Welcome to Plant Parenthood, a reoccurring series helping you with all things houseplant! As plant people ourselves, we are so happy to see you here. This will be your resource to get you started, to teach you how to care, when to fertilize and much more.

 

Some of you may already have a houseplant or two, which is wonderful. If you are starting from scratch, below are some great houseplants to get you started. They are easy-to-grow and require little maintenance.

Before getting started think about your lifestyle and what chores you want your houseplant to do. Do you want them to clean the air, just sit around and look pretty or maybe both! Also, think about how much light your space gets, as some houseplants love bright light while others thrive in little to low light.

Top Five Plants to Start Your Houseplant Family:

 

Peperomia

This tried and true classic is getting more and more popular. Peperomia is compact, so you don’t need a lot of space for it. But don’t let the size fool you, it’s variegated and colorful foliage can pack a punch. Keep your plant near a window, as it likes medium to bright light. Water it when the top two inches of soil are dry, though it can go a bit without water and still be fine. It will not grow quickly, however use Espoma’s Indoor! liquid plant food to give it the nutrients it needs to thrive.

Photo Courtesy of Costa Farms

Dracaena

Dracaena will need  a new home as it ages. When it is young, it is perfect for a tabletop or desk, as it is a little bushy plant. Though, it can grow 5 to 6 feet tall as an adult. Depending on the variety you choose, its foliage can look like little bursts of stars or fireworks on the tips. It adds dramatic texture to any room. Place it where it looks best in your home – it is not picky about how much light it gets. Water it when the top of the soil dries out.

Photo courtesy of Costa Farms

ZZ Plant

This tough houseplant can survive even with the brownest of thumbs. You can put it anywhere in your home or office and it will be happy to see you. It can even survive with only florescent lights and no natural light.  Water when the top two inches of soil are dry. Don’t worry if you forget, it may start to drop some of its leaflets to conserve the water left and will rebloom after a good drink.

Photo courtesy of Costa Farms

Aglaonema

Also known as the Chinese evergreen, this houseplant is stunning. It can come in colors from deep green to silver to red. It is slow growing, with large, narrow and glossy oval foliage. When deciding where to put Aglaonema, keep in mind the lighter the variegation, the more light it needs. So if you opt out for dark green foliage, it can thrive in low light. Water when the top two inches of soil is dry and add humidity around the plant in the summertime. Use Espoma’s indoor! liquid plant food during the growing season to give it the nutrients it needs.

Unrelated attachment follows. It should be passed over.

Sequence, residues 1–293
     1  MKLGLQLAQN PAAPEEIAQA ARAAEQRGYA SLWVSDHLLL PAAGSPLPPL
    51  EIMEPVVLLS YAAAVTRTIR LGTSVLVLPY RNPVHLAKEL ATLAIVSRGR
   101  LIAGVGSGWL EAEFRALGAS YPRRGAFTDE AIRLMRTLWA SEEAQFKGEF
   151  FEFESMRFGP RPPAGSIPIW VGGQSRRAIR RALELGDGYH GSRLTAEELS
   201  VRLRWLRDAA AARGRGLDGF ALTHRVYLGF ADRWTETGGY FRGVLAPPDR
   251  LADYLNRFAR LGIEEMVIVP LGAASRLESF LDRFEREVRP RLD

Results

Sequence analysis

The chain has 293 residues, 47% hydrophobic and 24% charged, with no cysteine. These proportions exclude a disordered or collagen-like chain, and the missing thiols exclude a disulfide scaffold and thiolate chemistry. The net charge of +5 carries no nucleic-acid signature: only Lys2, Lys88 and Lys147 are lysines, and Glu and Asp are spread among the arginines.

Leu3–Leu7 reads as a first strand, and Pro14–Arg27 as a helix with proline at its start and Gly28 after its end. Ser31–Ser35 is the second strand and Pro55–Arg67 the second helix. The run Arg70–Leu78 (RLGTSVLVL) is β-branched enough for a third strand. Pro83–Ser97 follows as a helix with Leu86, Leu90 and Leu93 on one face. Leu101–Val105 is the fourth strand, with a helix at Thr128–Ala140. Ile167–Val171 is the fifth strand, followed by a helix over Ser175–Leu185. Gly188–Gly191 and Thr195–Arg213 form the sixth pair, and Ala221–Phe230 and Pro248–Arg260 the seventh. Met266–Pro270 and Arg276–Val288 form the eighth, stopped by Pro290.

Photo courtesy of Costa Farms

Pothos

Have fun with pothos as you can grow it in a hanging basket to allow the foliage to trail down, trellis it up or allow it to grow horizontally across a shelf or on a cabinet. It has a beautiful green foliage with specks of white, yellow or cream mixed in. It can grow in any kind of light, with low humidity. Keep the soil moist, so water it when the top inch of the soil is dry.

Laura from Garden Answer shows off some low light houseplants that are perfect for anyone looking to get started.

 

Happy Houseplants Need Food:

 

New Year, New Gardening Reads

Spend winter months brushing up on your plant knowledge and cozying up indoors with a book on plants. The options can be endless and there’s certainly something for every level of gardener. Explore a whole new world of plants with our recommendations below.

How Not to Kill Your Houseplant: Survival Tips for the Horticulturally Challenged

By Veronica Peerless

From the basics of horticulture to detailed information about what type of plant will thrive in your living space, How Not To Kill Your Houseplant will be your comprehensive guide. This book covers 50 popular house plants and teaches you how to look for warning signs of sickness, pests and disease. With helpful tips, pictures and informational panels How Not To Kill Your Houseplant will help you create a plant paradise right in your own home.

Homestead Brooklyn shows you how to fertilize your houseplants.

Photo courtesy of Urban Jungle

Urban Jungle: Living and Styling with Plants

By Igor Josifovic and Judith de Graaff

This book will inspire beginners as well as advanced plant parents. It goes beyond the basic of plant care into the art of styling your home with plants. Travel across Europe to 5 different green homes with urban jungle bloggers, Igor and Judith. Along with style tips you’ll find DIY ideas with step-by-step instructions along with beautiful photography. Take your design skills to the next level and create and care for your own urban jungle.

Gardening Under Lights: The Complete Guide for Indoor Growers

By Leslie F. Halleck

Growing under indoor lights opens up a whole new world of possibilities for home growers. Gardening Under lights is a complete guide to high tech growing. It explains the basics and gives an overview of the most up-to-date tools and gear available. It also offers tips and techniques for growing ornamentals like orchids and bonsai, to growing a whole range of edibles from arugula to zucchini. There is also a complete guide to starting seed indoors.